On Thursday, at Facebook's developer conference, Mark Zuckerberg outlined his vision for the metaverse. Of course, the details were somewhat lost in the midst of his announcement that the company he founded in his Harvard dorm room was changing its name from Facebook to Meta, in an attempt to better define its mission as it moves beyond its core social media apps. 

I definitely have thoughts about the idea that Facebook is changing its name, but those will have to wait. There is a far more important thread to pull on, which is what Zuckerberg had to say about the metaverse, and why it should concern all of us.

1. "I believe the metaverse is the next chapter for the internet."

First, a quick review of what we mean by the metaverse. Well, actually, it's what Mark Zuckerberg means.

Originally the term comes from a dystopian novel called Snow Crash (by Neal Stephenson) about people who escape a crumbling society by entering a "metaverse" where they can connect to people and share experiences. The basic idea is that, instead of picking up your iPhone to send a message to a friend to meet you at a movie theater, you'd put on a pair of glasses and "attend" the movie together, virtually. 

That's a drastic oversimplification, but the bottom line is that the metaverse is coming in some form or another. When it does, I'm sure some of it will be interesting. That said, I'm not convinced that it will be a permanent fixture of our daily lives, especially if it means strapping a computer to your face. 

Even if the metaverse is as spectacular as tech companies promise, I still don't think any of us should be particularly excited about it being built by Facebook. Obviously, Facebook is wildly successful as a business, but that success has come at a huge cost.

Over the past few weeks, it's become more clear than ever that Facebook is aware of the cost, but chooses to ignore it in pursuit of the bottom line. If you can't manage the platform you've already built, it's probably not a great idea to build an even more expansive one.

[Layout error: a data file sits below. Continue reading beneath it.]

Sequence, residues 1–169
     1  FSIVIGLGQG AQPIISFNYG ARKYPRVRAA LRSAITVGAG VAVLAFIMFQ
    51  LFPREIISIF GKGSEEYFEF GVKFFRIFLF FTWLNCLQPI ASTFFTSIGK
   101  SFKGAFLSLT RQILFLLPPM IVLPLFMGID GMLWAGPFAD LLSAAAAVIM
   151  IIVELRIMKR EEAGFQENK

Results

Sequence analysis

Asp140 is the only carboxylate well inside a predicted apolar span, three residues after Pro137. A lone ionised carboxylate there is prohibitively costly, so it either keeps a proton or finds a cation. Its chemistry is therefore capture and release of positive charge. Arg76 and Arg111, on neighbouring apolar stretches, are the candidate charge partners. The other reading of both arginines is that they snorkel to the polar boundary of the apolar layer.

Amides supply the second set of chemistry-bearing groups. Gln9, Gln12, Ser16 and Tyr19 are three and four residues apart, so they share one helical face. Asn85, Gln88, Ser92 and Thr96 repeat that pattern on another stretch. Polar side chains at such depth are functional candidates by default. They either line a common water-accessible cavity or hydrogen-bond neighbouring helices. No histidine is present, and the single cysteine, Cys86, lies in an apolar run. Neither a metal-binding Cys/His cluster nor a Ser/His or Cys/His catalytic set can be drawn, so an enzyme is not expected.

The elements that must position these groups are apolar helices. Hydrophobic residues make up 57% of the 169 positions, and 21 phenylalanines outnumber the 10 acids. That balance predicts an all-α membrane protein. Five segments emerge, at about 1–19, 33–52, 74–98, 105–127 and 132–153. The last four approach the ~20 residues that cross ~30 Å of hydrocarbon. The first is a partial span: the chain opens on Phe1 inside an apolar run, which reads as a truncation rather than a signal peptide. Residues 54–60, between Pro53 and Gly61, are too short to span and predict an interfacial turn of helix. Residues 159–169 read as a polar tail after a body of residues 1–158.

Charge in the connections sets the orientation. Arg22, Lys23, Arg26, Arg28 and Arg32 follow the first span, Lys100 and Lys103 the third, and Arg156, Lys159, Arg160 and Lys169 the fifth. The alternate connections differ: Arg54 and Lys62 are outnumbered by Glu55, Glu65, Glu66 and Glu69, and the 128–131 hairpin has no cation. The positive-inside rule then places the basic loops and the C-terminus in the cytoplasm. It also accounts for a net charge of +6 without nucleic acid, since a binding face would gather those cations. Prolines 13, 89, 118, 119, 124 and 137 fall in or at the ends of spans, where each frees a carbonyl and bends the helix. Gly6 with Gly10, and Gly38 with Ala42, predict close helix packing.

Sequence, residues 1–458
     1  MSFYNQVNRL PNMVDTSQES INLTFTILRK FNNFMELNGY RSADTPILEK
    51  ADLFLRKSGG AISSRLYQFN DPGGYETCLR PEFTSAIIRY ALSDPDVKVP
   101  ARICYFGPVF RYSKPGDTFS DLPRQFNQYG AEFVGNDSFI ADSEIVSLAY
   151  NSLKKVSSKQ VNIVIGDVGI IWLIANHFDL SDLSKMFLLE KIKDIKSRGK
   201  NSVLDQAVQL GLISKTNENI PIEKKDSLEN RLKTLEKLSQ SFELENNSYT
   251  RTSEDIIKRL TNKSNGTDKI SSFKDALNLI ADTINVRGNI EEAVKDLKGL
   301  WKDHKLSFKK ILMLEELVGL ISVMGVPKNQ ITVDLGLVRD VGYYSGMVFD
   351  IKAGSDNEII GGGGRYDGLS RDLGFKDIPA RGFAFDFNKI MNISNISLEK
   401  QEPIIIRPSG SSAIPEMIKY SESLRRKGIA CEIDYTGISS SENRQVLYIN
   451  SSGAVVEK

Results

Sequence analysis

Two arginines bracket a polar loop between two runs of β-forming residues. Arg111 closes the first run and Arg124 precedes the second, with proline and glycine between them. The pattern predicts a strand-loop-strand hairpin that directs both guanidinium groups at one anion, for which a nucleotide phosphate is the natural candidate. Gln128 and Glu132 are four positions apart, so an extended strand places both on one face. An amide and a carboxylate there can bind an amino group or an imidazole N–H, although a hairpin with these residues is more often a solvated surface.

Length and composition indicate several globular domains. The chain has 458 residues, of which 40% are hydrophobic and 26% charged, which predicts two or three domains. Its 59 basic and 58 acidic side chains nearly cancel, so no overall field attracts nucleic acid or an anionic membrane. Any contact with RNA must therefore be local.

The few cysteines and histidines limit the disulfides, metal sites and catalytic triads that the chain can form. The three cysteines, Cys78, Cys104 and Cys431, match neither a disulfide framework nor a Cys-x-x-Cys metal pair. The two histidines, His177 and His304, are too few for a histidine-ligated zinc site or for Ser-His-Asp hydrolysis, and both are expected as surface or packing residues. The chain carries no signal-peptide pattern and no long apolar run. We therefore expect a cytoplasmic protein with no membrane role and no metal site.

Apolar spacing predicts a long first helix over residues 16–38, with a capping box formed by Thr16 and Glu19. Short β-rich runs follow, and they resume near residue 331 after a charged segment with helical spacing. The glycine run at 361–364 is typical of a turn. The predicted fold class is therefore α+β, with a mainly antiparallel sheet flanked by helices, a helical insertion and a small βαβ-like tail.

2. "This is not the way we are meant to use technology."

Maybe the most revealing aspect of the metaverse according to Facebook is the way Zuckerberg feels about how technology should be used. During his keynote, he explained it this way:

"Here we are in 2021 and all our devices are still built around apps, not people. The experiences we're allowed to build and use are more tightly controlled than ever. And high taxes on new creative ideas are stifling. This was not the way that we were meant to use technology." 

Basically, Facebook has to play in Apple's sandbox and it doesn't like that. In response, it's building its own where it makes the rules and can't be told "sorry, you can't keep collecting people's information without asking their permission," because that's inconvenient and affects the bottom line. 

Of course, Zuckerberg is frustrated that there is a middleman between himself and users. The metaverse is mostly an attempt to build something that isn't centered on the smartphone, because Facebook, now known as Meta, doesn't control the smartphone. That means that as successful as it has been, Facebook doesn't control its own destiny. Zuckerberg's vision of how people use technology is about just that by breaking away from Apple's control over the iPhone. 

3. "The dream was to feel present with the people we care about."